In elderly people, moderate hyperplasia in the absence of dysfunction of the gland, as a rule, does not require pharmacotherapy.
Treatment in full is required for young patients.Therapy( and prevention) of IDD in endemic regions presupposes the administration of iodine preparations in amounts not exceeding the normal daily requirement. Within six months or more, the dynamics of the state are assessed;Usually during this time the hyperplasia decreases or vanishes.
In case of treatment failure, levothyroxine is additionally prescribed( in some cases - in combination with potassium iodide). After reduction of the gland in size, they pass to "maintenance" monotherapy with iodine preparations.
Terminal stages of thyroid disease may require surgical intervention with resection of the lobe of the organ.
Congenital psychoneurological disorders are currently considered incurable, i.e., treatment is not amenable.
Acquired iodine deficiency states are reversible.Adequate therapy makes it possible to normalize the functional activity of the gland and reduce its size.
Among the possible consequences of the formation of nodal formations of an organ is its functional autonomy.It is characterized by hypersecretion of T3 and T4, independent of external stimulants and TSH.
Prevention of iodine deficiency thyroid diseases
Prevention of iodine deficiency and associated pathological conditions is divided into:
Individual and group measures for the prevention of iodine deficiency consist in prescribing the preparation of potassium iodide in the required doses.Especially important is the prevention among children, adolescents during puberty, as well as expectant mothers and lactating women.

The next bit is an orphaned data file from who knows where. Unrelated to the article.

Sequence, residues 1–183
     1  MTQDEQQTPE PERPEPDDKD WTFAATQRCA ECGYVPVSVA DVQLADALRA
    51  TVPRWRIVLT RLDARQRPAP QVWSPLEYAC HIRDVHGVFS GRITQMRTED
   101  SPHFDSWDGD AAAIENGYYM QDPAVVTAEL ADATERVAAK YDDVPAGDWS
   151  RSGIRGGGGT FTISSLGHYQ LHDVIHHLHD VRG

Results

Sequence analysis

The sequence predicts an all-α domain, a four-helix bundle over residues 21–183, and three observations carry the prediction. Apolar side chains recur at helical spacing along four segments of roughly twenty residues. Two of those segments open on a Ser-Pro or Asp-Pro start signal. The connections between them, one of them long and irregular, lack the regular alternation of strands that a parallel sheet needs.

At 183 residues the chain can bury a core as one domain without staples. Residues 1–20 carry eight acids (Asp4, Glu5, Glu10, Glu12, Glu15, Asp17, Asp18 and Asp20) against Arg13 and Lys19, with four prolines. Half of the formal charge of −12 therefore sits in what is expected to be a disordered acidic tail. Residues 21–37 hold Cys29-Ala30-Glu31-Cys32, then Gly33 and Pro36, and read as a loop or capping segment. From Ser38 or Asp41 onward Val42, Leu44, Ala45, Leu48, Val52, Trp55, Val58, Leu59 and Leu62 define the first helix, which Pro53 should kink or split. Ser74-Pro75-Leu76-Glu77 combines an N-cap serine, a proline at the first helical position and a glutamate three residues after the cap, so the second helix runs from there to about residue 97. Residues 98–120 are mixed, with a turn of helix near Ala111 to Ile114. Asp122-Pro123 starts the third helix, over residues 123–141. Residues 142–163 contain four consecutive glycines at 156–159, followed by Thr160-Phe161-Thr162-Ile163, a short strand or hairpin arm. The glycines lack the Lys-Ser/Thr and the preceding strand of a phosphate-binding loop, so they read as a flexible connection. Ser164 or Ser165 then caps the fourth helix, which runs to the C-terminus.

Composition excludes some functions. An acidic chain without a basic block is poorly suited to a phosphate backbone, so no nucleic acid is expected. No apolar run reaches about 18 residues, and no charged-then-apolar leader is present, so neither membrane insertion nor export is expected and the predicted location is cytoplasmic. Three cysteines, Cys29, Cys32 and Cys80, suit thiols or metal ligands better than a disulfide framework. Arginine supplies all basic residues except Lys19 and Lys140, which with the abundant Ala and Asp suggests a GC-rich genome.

Mass prophylaxis is reduced to the replacement in the endemic in the goiter regions of ordinary table salt by iodized salt.
Foods with a high iodine content:
- seaweed kelp( seaweed) and porphyry( nori);
- marine fish;
- squid and other seafood;
- fish oil( you can buy a drug).
Women who are planning to conceive are strongly advised to undergo a survey to determine the so-called.Thyroid status.Periodic monitoring of T3 and T4 levels is also needed during pregnancy.
Daily intake of iodine( in μg) according to WHO recommendations:
- From birth to 2 years - 50;
- 2-6 years - 90;
- 6-11 years old - 120;
- from 12 years - 150.
Important: it is advisable for women during pregnancy and lactation to increase the consumption of a microelement to 200 μg per day.
Prevention of IDD includes an annual visit to the endocrinologist as part of a medical examination.
Vladimir Plisov, medical reviewer